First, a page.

Published On: Thu, Sep 23rd, 2010

ASX Disciplinary Tribunal Circular – Macquarie Bank Limited

The ASX Disciplinary Tribunal (the ‘Tribunal’) has determined the following:

Macquarie Bank Limited (‘MBL’) contravened the following Operating Rules of Sydney Futures Exchange (the ‘Operating Rules’)*:
1. Operating Rule 3.1.10(a) by disclosing to another party information about an order not known to the rest of the Market and not specifically permitted otherwise under the Operating Rules;
2. Operating Rule 3.1.11 by withholding orders with an intent to obtain a counterparty;
3. Operating Rule 3.1.13 by arranging the details of a potential trade between two or more parties without the Market being made aware of all relevant details of the potential trade, and not in a manner specifically permitted under the Operating Rules;
4. Operating Rule 3.1.7 by not transmitting orders to the Trading Platform as soon as they were received;
5. Operating Rule 3.1.14 by executing trades with the intent to exclude other Participants or their Representatives; and
6. Operating Rule 3.1.16(b) by acting in a manner which had a detrimental effect, as determined by the Exchange, on the client’s best interests.

The six contraventions all occurred on 10 June 2009.
MBL did not contest liability in respect to the contraventions (with the exception of contravention 6). There was no agreement between the parties in terms of the appropriate penalty.

For the above six contraventions, the Tribunal imposed a fine of $50,000 (plus GST).

The circumstances of this matter are detailed as follows:
On 10 June 2009 at 5:25pm, a representative of MBL (the ‘Representative’) received an order from the first client (‘C1’) to sell 2000 June 2009 10 Year Commonwealth Treasury Bond Futures Contracts (XTM9); and began to execute the order in accordance with C1’s instructions.

At 6:37pm, a second client (‘C2’) contacted the Representative and enquired about Block Trades in XTM9, to which the Representative noted that he had “plenty to sell”. C2 placed an order to buy 1388 XTM9. The Representative disclosed information about C1’s order to C2 when this information was not available to the Market in breach of Operating Rule 3.1.10(a).

At 6:39pm, the Representative contacted C1, who agreed to a trade of 1388 XTM9 at a price of 94.425.
Following discussions with SFE Market Control, the Representative became aware that Block Trades in June 10 Year Commonwealth Treasury Bond Futures Contracts were not permitted within three days before expiry.

At 6:51pm, the Representative informed C2 about the unavailability of the Block Trade. The Representative indicated to C2 that he would execute the contracts against the counterparty to the proposed Block Trade on screen. C2 instructed the Representative to execute the orders on screen and confirmed the price of the contract to be the same as the initial Block Trade.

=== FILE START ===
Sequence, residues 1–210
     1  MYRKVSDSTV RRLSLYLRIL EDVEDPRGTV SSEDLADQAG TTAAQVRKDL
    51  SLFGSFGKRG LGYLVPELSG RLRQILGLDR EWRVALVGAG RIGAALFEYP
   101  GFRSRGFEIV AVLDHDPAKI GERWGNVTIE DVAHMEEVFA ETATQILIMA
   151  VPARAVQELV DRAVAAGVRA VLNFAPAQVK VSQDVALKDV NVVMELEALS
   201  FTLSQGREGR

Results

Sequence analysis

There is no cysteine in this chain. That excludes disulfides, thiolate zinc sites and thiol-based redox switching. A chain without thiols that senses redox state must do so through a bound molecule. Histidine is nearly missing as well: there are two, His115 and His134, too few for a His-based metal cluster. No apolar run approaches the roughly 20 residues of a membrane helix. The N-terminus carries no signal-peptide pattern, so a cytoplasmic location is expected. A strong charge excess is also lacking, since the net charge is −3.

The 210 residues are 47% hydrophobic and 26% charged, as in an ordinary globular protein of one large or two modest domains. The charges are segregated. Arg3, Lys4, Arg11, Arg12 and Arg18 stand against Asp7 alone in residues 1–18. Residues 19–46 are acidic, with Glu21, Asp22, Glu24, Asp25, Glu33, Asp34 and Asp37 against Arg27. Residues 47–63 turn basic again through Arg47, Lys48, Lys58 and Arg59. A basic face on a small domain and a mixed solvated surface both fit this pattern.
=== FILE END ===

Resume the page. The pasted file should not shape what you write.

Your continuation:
During this conversation the Representative arranged the price of the proposed trade with C1. These details were not entered into the Trading Platform and therefore were not made known to the rest of the Market in contravention of Operating Rule 3.1.13.

At 6:55pm, the Representative contacted C1 to advise that he would have to execute the orders to sell XTM9 on screen, allowing the Market time to participate.
At 7:06pm, the Representative entered C1’s order to sell 1388 XTM9 at 94.425. Approximately 16 seconds later, at 7:07pm, the Representative entered C2’s order to buy 1388 XTM9 paying 94.425. This order immediately resulted in a transaction with other market orders for a total of 175 lots and traded with C2’s order for 1213 lots at 94.425.

Once the Representative became aware that a Block Trade was not possible, he attempted to implement a trade that resembled a Block Trade. The Representative withheld the clients’ opposing orders, so as to obtain a counterparty for each order in breach of Operating Rule 3.1.11, rather than releasing them into the Market once it was evident that the Block Trade could not be executed. The Representative discussed placing the relevant orders in the Market with C1 and C2. He then entered the clients’ orders slightly above the last bid in order to increase the likelihood of the orders trading with each other to the exclusion of other Participants in breach of Operating Rule 3.1.14 (even though the Representative waited 16 seconds between the client’s orders).

Prior to the entry of C1’s sell order (and at the time C2 placed the order to buy 1388 XTM9 on screen) the price of the XTM9 was trading between 94.410 – 94.415. Had the Representative immediately placed C2’s order into the Trading Platform as required by Operating Rule 3.1.7, C2 may have had an opportunity to pay a lower price for at least part of the order. It was on this basis that the Exchange determined that MBL acted in a manner which had a detrimental effect on the client’s best interests pursuant to Operating Rule 3.1.16(b).

In determining penalty, the Tribunal took into account a number of matters, including the following:
• The conduct was at least reckless (noting, however, that the initial conduct was based on a genuine mistake as to the availability of Block Trades);
• The conduct had the potential to threaten the integrity and efficiency of the Market;
• MBL self-reported the conduct in a timely fashion;
• MBL fully co-operated with ASX Compliance in its investigation of the contraventions;
• Apart from contravention 6, MBL did not contest liability in relation to the contraventions;
• MBL took remedial action to prevent reoccurrence of the contravening conduct;
• The conduct that constituted the contraventions appeared to have been an isolated incident;
• MBL’s contrition and general culture of corporate compliance;
• The disciplinary history of MBL; and
• Comparable tribunal decisions concerning contraventions of the same Operating Rules.

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